Walmart is preparing for a new era of retail with major new partnerships and investments in technology.
“We have the opportunity to reimagine retail again,” Walmart CEO Doug McMillon said in a keynote speech at Walmart’s annual shareholders meeting on Friday.
Walmart may have fallen behind in the e-commerce race, but, at the shareholders meeting McMillion and other executives have been eager to forecast a new, digitally-focused future for Walmart.
Top on the list in reimagined retail is Walmart’s partnership with Lyft and Uber.
Within two weeks, the retailer is launching a pilot program with Uber in Denver, and with Lyft in Phoenix. Customers buying groceries online will have the option to have their order delivered, for the existing delivery fee of $7 to $10.
The Lyft and Uber partnerships are far from the only examples of new technology that Walmart is eager to promote. By the end of June, Walmart plans to offer Walmart Pay in every store in the US. Additionally, the company has recently announced unlimited two-day shipping from Walmart.com, as the retailer expands its online inventory.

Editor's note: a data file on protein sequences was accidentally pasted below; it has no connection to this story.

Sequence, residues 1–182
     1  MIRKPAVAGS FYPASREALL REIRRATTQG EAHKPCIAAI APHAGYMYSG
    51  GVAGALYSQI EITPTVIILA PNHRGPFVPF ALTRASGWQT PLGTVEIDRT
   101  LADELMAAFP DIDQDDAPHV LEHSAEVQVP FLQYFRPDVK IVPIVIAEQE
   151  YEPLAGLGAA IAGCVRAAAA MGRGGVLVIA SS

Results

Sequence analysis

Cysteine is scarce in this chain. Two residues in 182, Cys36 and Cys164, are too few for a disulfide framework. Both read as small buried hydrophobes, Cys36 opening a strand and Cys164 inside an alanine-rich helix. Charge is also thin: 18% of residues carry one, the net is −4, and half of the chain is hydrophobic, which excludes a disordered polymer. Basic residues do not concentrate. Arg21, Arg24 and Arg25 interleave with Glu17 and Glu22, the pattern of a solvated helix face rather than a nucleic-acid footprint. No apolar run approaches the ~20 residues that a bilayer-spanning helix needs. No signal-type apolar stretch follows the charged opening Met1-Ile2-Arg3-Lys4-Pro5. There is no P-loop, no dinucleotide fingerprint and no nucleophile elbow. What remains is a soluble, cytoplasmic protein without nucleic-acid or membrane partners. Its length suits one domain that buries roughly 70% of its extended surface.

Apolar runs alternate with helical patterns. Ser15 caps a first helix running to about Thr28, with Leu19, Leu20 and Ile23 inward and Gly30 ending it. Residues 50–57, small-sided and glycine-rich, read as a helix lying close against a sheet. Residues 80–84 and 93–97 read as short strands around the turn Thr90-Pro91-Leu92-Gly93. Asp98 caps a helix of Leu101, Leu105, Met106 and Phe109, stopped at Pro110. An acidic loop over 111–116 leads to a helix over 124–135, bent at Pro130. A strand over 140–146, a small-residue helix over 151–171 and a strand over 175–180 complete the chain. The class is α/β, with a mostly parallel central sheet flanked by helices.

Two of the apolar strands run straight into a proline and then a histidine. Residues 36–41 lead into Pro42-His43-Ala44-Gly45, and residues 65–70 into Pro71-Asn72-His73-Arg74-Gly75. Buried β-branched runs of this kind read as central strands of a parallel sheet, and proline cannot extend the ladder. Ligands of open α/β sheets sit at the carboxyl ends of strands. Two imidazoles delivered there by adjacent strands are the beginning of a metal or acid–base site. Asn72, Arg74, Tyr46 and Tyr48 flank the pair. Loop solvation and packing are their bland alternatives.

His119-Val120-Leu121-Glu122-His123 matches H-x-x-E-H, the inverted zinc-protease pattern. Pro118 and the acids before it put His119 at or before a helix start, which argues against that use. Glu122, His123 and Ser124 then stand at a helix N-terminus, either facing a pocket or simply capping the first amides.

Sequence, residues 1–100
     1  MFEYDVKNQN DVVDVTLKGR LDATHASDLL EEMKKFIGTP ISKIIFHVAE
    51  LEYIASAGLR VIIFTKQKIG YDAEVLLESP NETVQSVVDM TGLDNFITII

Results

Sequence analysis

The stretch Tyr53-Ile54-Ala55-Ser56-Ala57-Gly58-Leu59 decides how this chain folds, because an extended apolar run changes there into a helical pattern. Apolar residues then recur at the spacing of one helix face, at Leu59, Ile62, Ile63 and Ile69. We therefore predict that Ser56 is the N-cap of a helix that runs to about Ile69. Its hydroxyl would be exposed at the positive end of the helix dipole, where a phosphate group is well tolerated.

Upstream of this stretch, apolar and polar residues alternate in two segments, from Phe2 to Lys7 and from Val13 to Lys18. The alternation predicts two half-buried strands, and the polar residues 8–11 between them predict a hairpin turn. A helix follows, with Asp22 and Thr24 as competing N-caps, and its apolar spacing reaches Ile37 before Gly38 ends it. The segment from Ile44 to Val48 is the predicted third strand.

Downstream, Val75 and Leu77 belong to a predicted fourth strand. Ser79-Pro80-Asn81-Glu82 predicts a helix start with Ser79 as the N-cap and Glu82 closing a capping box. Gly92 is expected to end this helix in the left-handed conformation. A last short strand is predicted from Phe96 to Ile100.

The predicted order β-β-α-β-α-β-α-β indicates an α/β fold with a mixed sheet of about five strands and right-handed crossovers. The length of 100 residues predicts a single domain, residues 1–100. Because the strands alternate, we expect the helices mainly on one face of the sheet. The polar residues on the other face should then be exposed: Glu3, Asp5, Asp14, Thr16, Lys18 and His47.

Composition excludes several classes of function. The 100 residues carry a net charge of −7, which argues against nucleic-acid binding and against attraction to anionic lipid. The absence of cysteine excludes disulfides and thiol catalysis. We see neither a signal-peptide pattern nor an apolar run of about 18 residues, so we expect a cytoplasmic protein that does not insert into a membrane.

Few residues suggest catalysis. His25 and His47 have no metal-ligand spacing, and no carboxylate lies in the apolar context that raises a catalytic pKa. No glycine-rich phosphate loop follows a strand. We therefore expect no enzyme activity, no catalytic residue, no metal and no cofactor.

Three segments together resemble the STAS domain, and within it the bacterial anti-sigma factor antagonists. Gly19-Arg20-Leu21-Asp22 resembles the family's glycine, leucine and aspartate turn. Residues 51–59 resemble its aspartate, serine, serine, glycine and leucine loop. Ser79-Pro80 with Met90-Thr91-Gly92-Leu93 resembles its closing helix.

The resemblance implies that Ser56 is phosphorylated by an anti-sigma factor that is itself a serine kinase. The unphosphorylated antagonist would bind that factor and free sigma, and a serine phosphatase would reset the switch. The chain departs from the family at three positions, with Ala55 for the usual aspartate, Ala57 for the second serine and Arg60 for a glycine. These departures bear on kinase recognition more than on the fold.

The company is growing its online grocery business, expanding services to 14 additional markets by the end of June. Online grocery is currently available in 40 markets, or roughly 200 stores.
Walmart is even developing a drone, intended to replace the jobs of inventory quality assurance employees at massive distribution centres.
“We’re connecting all the parts of Walmart into one seamless shopping experience with great stores, easy pickup, fast delivery, and apps and websites that are simple to use,” said McMillion.
However, even as Walmart increases its sometimes futuristic investments in tech, the company is also doubling down on employees.
In his speech, McMillion outlined three steps for Walmart’s reinvention: supporting Walmart employees, serving customers, and serving communities.
“As the world becomes more digital, it will be the humanity of Walmart that differentiates us and wins with customers,” McMillon said. “Our investments in education and training, store structure, wages, hours and sales floor technology are to support you and enable you to serve your customers and members.”
Since Walmart committed last year to investing $2.7 billion over two years in wage increases, scheduling improvements, and employee training, the retailer’s customer-service scores have increased for 79 weeks straight.
Keeping up with the competition in terms of tech and customers service have been two of Walmart’s biggest hurdles.
Walmart may be investing big in tech, but it is also now seeing results in investing in employees. Right now, it looks like Walmart’s chance to “reimagine retail” will require both.
Richard Feloni contributed to this story.
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